Jump to content
PropLibrary Content

Marketing vs. Business Development

What to do about the overlaps

Marketing is often poorly defined. What one company calls “marketing” can be very different from another company. 

Business development is often poorly defined. What one company calls “business development” can be very different from another company.

This makes comparing them fun.

They overlap so much that some companies don't really do marketing.

And that makes understanding the comparison important.

See also:

What is marketing? What is business development?

Marketing is what brings people to your sales process. Business development is that sales process. Except when it’s also marketing. It’s more like business development contains a little of both marketing and sales. And that’s the problem.

Business development overlaps with marketing when it is responsible for identifying new markets and customer segments (as opposed to individual customers). For example, by partnering with other companies to bundle their offerings, a business developer might gain access to their partners' customers as well as their own. Or by figuring out that if it develops a new solution, the company can win new business.

However, when business development is also responsible for identifying new individual customers, it also overlaps with sales. When business development is responsible for hitting targets based on closing sales, it is a sales function. How much of that marketing do you think will really get done?

The overlap between marketing and business development is mostly at the front end. The central issue is what needs to happen before you start prospecting, and who should be responsible for it. There is another set of issues at the back end, revolving around who leads the pursuit once a lead is qualified, who decides what to offer, and who is responsible for proposal development,

Where do you want people to spend their time?

Do you really want your business development staff spending time on marketing? Do you want them designing a web site to attract the right customers and figuring out how to flow them to the information that will convince them to make contact, or do you want them spending time with the customers that do make contact? Do you want them spending their time crunching analytics to determine what kind of customers to chase, or do you want them selecting individual customers to pursue? Do you want them segmenting markets to determine the right composition to fill your pipeline, or do you want them identifying specific customers to fill those segments?

If your business development staff are incentivized based on deals, that’s where they will spend their time. And you will get no marketing.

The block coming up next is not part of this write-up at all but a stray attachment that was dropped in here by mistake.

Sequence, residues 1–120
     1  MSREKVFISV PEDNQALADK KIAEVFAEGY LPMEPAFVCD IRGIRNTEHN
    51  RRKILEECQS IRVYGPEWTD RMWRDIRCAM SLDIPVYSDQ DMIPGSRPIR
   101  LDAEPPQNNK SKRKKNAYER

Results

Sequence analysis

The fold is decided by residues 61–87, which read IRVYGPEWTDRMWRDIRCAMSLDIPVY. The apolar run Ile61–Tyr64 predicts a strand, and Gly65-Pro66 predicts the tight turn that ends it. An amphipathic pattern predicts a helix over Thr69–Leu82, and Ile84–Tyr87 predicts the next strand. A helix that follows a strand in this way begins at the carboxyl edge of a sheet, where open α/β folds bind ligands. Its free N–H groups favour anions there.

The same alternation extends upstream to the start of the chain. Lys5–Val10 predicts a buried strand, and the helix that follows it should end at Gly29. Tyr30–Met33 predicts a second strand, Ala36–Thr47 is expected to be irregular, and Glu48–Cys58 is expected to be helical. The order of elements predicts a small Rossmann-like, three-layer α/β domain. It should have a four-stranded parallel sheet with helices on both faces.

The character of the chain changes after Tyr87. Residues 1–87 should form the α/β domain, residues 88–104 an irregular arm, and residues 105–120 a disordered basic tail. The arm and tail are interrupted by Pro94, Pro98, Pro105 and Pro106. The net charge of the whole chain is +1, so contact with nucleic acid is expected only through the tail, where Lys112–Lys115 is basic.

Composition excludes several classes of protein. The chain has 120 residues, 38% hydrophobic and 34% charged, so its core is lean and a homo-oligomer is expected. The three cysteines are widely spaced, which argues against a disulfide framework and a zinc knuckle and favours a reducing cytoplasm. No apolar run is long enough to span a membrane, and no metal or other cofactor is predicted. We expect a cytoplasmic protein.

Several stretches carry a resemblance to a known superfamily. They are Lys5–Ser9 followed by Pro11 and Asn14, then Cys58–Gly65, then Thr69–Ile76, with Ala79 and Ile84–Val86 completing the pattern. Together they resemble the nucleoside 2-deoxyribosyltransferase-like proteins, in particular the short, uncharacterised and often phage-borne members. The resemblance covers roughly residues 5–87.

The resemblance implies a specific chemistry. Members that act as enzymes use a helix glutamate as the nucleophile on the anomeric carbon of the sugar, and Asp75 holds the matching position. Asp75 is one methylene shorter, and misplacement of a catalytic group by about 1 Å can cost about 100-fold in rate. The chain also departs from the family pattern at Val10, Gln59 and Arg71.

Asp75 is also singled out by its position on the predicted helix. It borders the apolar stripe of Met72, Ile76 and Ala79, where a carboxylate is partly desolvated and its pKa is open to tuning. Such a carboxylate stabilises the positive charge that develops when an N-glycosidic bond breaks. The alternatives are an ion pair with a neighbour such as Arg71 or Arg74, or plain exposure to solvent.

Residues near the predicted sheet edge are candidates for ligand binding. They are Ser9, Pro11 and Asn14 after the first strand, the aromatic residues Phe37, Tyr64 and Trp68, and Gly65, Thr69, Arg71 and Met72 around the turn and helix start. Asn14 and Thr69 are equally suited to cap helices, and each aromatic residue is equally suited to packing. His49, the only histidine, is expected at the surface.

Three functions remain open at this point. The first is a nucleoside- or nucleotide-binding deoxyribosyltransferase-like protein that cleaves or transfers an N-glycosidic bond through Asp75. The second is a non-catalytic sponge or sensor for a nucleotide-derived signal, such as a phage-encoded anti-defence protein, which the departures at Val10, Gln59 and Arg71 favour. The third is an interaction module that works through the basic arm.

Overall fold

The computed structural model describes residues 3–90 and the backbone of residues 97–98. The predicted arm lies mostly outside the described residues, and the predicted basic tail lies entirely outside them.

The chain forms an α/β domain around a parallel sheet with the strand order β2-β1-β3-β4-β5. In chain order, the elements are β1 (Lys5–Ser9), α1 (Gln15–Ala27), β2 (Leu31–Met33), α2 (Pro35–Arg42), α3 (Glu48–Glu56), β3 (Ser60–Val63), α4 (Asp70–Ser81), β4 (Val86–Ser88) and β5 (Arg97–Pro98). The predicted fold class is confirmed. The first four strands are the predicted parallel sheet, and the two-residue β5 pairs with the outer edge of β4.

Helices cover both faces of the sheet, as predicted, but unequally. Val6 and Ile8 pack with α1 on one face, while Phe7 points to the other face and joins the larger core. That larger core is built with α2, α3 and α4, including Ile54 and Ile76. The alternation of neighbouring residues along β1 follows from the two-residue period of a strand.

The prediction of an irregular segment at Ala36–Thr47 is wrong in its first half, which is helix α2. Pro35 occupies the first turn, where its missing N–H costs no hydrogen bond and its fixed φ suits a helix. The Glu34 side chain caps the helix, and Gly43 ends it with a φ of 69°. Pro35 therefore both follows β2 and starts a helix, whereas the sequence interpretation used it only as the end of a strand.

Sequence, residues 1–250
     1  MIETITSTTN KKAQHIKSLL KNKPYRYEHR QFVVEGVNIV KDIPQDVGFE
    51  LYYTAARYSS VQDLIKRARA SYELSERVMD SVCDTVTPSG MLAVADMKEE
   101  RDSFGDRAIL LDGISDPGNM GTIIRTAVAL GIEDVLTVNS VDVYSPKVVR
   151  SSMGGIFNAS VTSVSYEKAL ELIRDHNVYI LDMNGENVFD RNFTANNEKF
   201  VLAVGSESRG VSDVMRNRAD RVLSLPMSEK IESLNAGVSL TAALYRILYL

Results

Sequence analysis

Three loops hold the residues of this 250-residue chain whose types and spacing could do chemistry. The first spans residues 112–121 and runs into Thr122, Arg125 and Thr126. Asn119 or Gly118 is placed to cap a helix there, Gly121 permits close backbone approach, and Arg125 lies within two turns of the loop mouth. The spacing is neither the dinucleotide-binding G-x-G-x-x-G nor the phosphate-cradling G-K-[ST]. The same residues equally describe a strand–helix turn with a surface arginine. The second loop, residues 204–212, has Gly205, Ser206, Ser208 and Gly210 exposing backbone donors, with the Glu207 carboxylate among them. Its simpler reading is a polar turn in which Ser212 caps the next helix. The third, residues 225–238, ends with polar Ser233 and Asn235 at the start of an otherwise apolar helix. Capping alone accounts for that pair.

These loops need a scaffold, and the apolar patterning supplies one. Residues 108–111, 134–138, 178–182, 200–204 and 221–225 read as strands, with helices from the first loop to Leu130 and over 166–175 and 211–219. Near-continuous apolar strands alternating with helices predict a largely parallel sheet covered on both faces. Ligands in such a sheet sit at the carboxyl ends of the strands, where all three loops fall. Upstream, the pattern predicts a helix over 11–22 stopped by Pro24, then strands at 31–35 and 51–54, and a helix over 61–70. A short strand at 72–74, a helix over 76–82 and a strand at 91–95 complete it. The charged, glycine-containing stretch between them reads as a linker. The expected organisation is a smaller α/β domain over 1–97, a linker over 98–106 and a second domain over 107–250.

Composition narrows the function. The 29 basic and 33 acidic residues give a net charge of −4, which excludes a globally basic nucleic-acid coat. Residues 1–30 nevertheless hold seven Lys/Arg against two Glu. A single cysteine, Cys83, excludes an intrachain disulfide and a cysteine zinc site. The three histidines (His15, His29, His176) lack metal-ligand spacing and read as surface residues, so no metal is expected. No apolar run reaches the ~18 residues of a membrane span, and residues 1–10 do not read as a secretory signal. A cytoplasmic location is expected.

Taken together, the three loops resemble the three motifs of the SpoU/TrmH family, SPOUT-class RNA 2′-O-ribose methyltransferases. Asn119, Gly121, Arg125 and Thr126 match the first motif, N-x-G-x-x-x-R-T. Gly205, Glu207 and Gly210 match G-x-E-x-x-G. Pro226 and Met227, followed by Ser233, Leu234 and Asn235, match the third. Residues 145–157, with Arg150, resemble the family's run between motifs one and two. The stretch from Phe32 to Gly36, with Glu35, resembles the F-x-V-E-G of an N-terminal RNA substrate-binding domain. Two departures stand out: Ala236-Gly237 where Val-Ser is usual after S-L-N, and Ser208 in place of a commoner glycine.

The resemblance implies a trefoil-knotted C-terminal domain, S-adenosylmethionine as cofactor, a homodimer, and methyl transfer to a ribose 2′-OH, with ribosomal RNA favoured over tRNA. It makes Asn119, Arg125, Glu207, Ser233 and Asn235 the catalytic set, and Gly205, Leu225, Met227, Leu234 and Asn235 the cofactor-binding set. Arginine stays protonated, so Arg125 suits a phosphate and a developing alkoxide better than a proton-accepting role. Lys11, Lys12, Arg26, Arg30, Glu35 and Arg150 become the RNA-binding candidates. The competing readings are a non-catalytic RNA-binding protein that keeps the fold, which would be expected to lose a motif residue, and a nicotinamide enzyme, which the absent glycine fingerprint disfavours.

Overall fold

But you definitely do need marketing. And for a lot more than just “branding” or name recognition. Even if you can get by just responding to publicly announced RFPs, you need marketing to figure out which market segments to target and where it’s worth developing relationships. If you just turn your business developers loose, what you’ll get are the low hanging fruit. And over time you’ll grow like a weed instead of growing strong.

Beware the seesaw effect

When business developers are incentivized based on leads and sales, they won’t start marketing until they run out of leads. Marketing requires time to pay off. It won’t pay off fast enough when you’ve run out of leads and then start. I’ve seen companies go up and come right back down because of this. Marketing would have saved them by creating a continuous funnel of leads for their business developers to spend their time qualifying and pursuing.

Instead of an either/or approach or a relationship based on territories, consider having an integrated approach. Ultimately the goal isn't to have marketing, or to have business development. The goal is to win and win big. This requires skills and effort that are beyond what we can reliably expect of one person. It's so much bigger than one person that it really should be the corporate culture and not simply roles that people play.

Let's discuss your challenges with preparing proposals and winning new business...

Access to premium content items is limited to PropLIBRARY Subscribers

A subscription to PropLIBRARY unlocks hundreds of premium content items including recipes, forms, checklists, and more to make it easy to turn our recommendations into winning proposals. Subscribers can also use MustWin Now, our online proposal content planning tool.

More information about "Carl Dickson"

Carl Dickson

Carl is the Founder and President of CapturePlanning.com and PropLIBRARY

Carl is an expert at winning in writing, with more than 30 year's experience. He's written multiple books and published over a thousand articles that have helped millions of people develop business and write better proposals. Carl is also a frequent speaker, trainer, and consultant and can be reached at carl.dickson@captureplanning.com. To find out more about him, you can also connect with Carl on LinkedIn.

Click here to learn how to engage Carl as a consultant.

Proposal Help Desk
Contact us for assistance
In addition to PropLIBRARY's online resources, we also provide full-service consulting for when you're ready to engage one of our experts.

It all starts with a conversation. You can contact us by clicking the button to send us a message, or by calling 1-800-848-1563.

Sign up for our free newsletter and get a free 46-page eBook titled "Turning Your Proposals Into a Competitive Advantage" with selected articles from PropLIBRARY.

You'll be joining nearly a hundred thousand professionals.

Sign up
Not now
  • Create New...